5 Common Disproven Myths About ADHD

As is unfortunate with other health conditions, multiple misconceptions involve ADHD. These misunderstandings concerning the condition are harmful to people in the community. They can also result in issues such as diagnosis delays and treatment access. This article covers 5 disproven myths about ADHD to shed more light on the reality of the condition.

Myth 1: Girls Don’t Get ADHD

Generally, young girls are less hyperactive than young boys and display fewer behavioral issues compared to boys. As such, they are less likely to be referred for an ADHD evaluation. The problem with the myth is that girls with ADHD are left untreated, and their condition progresses. This could result in multiple issues, such as:
● Anxiety
● Mood
● Antisocial personality

Myth 2: People With ADHD Are Lazy

Individuals with ADHD need more reminders and structure to get things done. But, this can be mistaken for laziness as certain symptoms manifest as disorganization, disinterest, and a lack of motivation.

However, the reality is that individuals with ADHD want to succeed but might struggle to start and complete what others see as “simple” tasks.

Myth 3: Poor Parenting Causes ADHD

Though the structure is vital for individuals with ADHD, constant punishment for symptoms like restlessness, blurting out words, impulsivity, and hyperactivity can be detrimental eventually.

However, many would see this behavior as the child being “badly mannered.” This results in parents often being judged for being unable to control their children.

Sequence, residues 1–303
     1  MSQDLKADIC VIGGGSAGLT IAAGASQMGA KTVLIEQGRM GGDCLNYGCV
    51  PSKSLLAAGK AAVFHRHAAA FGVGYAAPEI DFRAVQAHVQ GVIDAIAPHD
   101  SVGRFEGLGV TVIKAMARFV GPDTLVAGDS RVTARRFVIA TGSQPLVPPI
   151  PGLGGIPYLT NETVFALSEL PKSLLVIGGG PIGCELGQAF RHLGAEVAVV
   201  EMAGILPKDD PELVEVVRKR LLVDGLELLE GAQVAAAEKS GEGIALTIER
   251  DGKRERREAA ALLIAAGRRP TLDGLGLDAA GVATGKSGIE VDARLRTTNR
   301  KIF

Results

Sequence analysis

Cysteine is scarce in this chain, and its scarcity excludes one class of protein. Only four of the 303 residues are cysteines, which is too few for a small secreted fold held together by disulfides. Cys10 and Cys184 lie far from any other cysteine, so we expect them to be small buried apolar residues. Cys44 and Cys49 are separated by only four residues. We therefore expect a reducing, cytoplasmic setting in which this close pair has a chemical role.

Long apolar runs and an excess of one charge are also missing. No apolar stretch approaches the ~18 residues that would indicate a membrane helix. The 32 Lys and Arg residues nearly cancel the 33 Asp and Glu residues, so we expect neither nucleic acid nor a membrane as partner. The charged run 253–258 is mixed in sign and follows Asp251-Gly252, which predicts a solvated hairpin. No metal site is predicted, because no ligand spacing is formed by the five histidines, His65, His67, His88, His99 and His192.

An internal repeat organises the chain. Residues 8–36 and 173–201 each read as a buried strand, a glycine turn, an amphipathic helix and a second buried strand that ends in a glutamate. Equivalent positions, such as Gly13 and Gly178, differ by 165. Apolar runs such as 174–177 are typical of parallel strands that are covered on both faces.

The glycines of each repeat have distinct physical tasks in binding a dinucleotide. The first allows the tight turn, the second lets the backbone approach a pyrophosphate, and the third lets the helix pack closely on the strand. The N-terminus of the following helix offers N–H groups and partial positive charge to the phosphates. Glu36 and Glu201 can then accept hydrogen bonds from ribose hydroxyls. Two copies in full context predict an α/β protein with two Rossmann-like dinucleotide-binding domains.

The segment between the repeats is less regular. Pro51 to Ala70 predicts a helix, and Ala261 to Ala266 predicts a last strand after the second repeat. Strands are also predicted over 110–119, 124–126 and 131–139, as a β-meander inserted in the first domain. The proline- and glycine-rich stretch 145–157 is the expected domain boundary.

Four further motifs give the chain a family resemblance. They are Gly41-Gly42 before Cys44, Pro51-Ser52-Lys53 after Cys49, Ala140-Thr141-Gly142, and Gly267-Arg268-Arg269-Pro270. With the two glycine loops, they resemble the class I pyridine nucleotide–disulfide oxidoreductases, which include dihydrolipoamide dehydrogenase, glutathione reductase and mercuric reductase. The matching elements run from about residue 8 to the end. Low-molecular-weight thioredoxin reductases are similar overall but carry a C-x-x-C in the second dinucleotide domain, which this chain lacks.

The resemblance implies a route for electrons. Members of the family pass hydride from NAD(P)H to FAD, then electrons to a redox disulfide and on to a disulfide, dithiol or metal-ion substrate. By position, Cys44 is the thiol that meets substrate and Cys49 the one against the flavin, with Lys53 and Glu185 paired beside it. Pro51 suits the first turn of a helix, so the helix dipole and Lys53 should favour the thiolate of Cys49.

Myth 4: ADHD Isn’t A Real Medical Disorder

Research has shown differences between a brain with ADHD and one without it. It has also examined differences in how brain chemicals like norepinephrine, dopamine, and glutamate operate.

The areas of the brain involved in ADHD play a crucial role in your “executive functions,” such as:

● Organizing
● Planning
● Initiating tasks

Myth 5: Having ADHD “Isn’t That Serious”

While ADHD isn’t life-threatening, it could seriously affect the individual’s overall quality of life. Compared to the general population, individuals with ADHD have a higher chance of developing:

● Mood and substance use disorders
● Anxiety


At the moment, individuals with ADHD are often judged and unfairly labeled. Additionally, they often find:

● They aren’t diagnosed early enough.
● Accommodations are not made for them to be successful.

For these reasons and more, the myths involving ADHD need dispelling. This is necessary for raising awareness about the condition and giving people in the community what they need for survival in all aspects of their lives.